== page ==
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Muhammad Ali vs. Parkinson’s: His Long Battle with the Disease

Most people are diagnosed with Parkinson’s after age 60. However, Muhammad Ali lived nearly half of his life with this disease. During his long battle, Ali continued to use his name and wealth for the benefit of Parkinson’s research. Bridgewater, NJ, in-home senior care professionals examine Ali’s struggle with Parkinson’s and how he became an inspiration to other people living with the disease.

The Impact of the Disease on Ali’s Life

Although Ali did not retire from professional boxing until 1981, many people believed he was experiencing the symptoms of Parkinson’s before his retirement. The disease caused his speech to slur, which made it difficult for others to understand what he was saying. Eventually, Ali was unable to speak in public. Over time, Ali’s tremors became more severe, and he was unable to move one side of his body.

He Continued Exercising After His Diagnosis

During the early stages of Parkinson’s, Ali continued to exercise. He encouraged other people with Parkinson’s to stay physically active as long as they could to help reduce some of their symptoms. The types of exercises a person with Parkinson’s can do depend on their symptoms, fitness level, and overall health.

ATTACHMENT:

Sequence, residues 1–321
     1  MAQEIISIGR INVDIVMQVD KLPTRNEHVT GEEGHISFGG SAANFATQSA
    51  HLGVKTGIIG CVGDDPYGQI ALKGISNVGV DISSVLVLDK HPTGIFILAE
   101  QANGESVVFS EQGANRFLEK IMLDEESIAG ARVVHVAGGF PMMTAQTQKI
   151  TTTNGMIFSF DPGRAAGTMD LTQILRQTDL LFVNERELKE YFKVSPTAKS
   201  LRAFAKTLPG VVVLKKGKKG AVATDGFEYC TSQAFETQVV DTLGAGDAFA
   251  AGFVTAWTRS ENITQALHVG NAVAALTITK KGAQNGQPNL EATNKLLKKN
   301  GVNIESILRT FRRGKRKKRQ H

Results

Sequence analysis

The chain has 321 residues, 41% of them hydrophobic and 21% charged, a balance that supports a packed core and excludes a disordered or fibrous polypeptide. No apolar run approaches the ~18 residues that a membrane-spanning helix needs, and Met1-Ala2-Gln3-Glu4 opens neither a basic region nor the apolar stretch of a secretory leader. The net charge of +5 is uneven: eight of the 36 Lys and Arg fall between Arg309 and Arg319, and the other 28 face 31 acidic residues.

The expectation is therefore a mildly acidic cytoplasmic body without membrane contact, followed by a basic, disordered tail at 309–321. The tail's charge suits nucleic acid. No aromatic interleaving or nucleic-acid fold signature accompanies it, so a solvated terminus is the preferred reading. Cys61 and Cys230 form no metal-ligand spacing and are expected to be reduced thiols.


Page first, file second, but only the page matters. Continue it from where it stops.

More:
Some of the benefits of exercising while living with Parkinson’s disease include:

• Reduced joint stiffness
• Increased balance
• Better flexibility and mobility
• Stronger muscles

He Stayed Positive

Even though Parkinson’s changed the way Ali lived his life, he never let the disease get the best of him. In interviews, Ali always reminded people Parkinson’s did not take him down. Instead, he claimed he took Parkinson’s. This positive attitude is what inspired people around the world to keep fighting the disease. Ali’s strength was even greater outside the boxing ring than it was during his professional career.

He Remained in the Public Eye

As the disease progressed, Ali did not hide away in his home. Instead, he continued to attend charity events in honor of Parkinson’s research and other high-profile events, including President Obama’s inauguration and the 2012 Olympics in London. Ali was unable to speak, but his presence in the public eye spoke volumes. His appearances and advocacy brought hope to many people living with Parkinson’s.

If your senior loved one needs help managing Parkinson’s symptoms, reach out to Home Care Assistance. Our respite and live-in caregivers are expertly trained in Parkinson’s care and can assist him or her with many important tasks, including bathing, meal prep, and exercise. In addition to Parkinson’s home care Bridgewater, NJ, seniors can rely on, we also offer comprehensive Alzheimer’s, dementia, and stroke care. For more information on our elderly care services, please call one of our qualified Care Managers at 908.450.9400 today.